I think if you’re working at the individual level, things aggregate up. I think if you’re working on policy, things trickle down. So when people say to me, “Well, what’s the way to reduce stigma?” We need everybody working at all levels. When you do that, you’ll see a shift in society.

Have things gotten better for folks with mental illness in the U.S.? Is there less stigma now?

Some things have changed and some things haven’t. In terms of the number of people who want to see people put in mental hospitals, that has decreased. If you talk about stigma in terms of the number of people who understand that it is a brain disorder, that there may be a genetic component, that’s happened.

But if you’re talking about inclusion and discrimination and prejudice, people still reject those with mental illness. They still fear them as being violent and unpredictable.

How about this idea that people who have a mental-health problem, or have had a mental-health problem in the past, have to be prohibited from having guns? We know that people who attempt suicide with guns are much more effective at taking their lives, so I think they’re afraid about that. But there’s also this undercurrent of prejudice about people with mental illness being violent, which all the research says is just not true, except for a very small group of people.

I think what that means for us is that some of the campaigns to reduce stigma in the past have worked, but they’ve taken us as far as they’re going to take us. This is a new era of stigma reduction. We have to focus more on issues of inclusion, acceptance, and understanding.

What’s an example of a marketing campaign that really worked to reduce stigma?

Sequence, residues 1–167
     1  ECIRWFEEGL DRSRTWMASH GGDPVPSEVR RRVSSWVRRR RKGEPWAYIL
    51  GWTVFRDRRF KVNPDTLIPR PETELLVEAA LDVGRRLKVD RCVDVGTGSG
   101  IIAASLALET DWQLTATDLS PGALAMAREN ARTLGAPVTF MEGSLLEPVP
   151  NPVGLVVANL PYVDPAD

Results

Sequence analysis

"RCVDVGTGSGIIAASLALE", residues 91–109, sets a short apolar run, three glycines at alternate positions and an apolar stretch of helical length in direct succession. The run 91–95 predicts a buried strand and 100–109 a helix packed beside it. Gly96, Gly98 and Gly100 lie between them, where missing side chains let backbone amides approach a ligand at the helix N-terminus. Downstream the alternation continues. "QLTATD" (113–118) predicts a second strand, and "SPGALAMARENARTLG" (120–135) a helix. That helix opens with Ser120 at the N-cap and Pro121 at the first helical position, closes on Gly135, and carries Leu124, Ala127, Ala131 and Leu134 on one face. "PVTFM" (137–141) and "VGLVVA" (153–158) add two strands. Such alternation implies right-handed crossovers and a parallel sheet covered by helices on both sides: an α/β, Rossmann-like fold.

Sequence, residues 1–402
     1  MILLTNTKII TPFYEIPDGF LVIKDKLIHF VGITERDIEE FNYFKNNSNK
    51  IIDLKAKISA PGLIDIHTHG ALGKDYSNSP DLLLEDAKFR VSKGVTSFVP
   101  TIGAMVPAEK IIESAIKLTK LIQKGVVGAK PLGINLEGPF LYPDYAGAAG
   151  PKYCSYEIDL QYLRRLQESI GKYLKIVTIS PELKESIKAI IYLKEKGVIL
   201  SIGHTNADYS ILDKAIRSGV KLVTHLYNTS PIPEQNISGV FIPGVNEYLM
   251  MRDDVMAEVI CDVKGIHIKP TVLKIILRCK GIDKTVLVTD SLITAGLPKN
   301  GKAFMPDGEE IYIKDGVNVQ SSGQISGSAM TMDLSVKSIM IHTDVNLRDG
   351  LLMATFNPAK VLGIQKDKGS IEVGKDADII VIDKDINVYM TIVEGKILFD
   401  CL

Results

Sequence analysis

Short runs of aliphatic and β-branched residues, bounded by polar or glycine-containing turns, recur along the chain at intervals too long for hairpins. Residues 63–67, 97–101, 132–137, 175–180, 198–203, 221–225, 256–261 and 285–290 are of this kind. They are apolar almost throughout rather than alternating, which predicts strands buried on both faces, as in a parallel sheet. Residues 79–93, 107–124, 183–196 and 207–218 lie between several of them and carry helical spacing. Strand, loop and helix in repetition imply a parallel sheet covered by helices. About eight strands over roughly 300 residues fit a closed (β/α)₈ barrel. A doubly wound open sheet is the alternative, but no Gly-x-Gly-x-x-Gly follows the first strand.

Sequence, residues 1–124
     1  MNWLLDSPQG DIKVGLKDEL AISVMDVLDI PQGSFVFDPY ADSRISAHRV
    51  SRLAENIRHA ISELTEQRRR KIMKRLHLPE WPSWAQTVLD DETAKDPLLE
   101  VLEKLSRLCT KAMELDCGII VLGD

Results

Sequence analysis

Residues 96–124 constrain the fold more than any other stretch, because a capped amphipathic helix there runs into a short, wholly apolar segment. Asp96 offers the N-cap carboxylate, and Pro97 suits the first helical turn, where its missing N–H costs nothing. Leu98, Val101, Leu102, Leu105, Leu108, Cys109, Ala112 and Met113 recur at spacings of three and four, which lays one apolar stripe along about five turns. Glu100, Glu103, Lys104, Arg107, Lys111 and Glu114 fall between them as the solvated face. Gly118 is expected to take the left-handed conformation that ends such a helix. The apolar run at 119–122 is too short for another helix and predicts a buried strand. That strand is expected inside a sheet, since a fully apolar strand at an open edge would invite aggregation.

We borrowed, with permission, one of the public-service announcements (PSAs) that the Brits had done called “Schizo.” It was our most successfully rated video in terms of efficacy.

In particular, it changed the attitudes of people “outside the choir.” Those are people who report that they don’t know anybody with mental illness. We know one of the most potent predictors of stigma is whether or not you know somebody. If you know somebody, you’re less likely to stigmatize. There’s a lot of research on that, called the “contact hypothesis,” and it’s very potent.

But I have to say we also got complaints from people inside the choir — people with [schizophrenia], or families with, saying, “We think that reinforces the idea of people with mental illness being violent.” Here’s the deal. If you want to have a nice, boring PSA, it’s not going to get attention. It might make people with and families with feel better and that’s a laudable goal, but if you want to change the attitudes of the most stigmatizing people, then you have to get their attention.

You have to have a scientific base that helps you with the messages because things like PSAs cost a lot of money; if they aren’t effective, what’s the point?

Does it help when celebrities talk publicly about having mental illnesses?

I think it doesn’t hurt, but I’m not sure it helps because people look at somebody like Demi Lovato and they say: “I’m not Demi Lovato. I can’t do that.” [Editor’s Note: In 2011, Demi Lovato revealed publicly that she has bipolar disorder.]

One thing we’re seeing now that I’m very excited about is the number of young Hollywood [stars] coming out. So it’s not one isolated person like Lovato; it’s [also] Emma Stone and Amanda Seyfried, one after another. It’s just great.

This interview has been edited for length and clarity.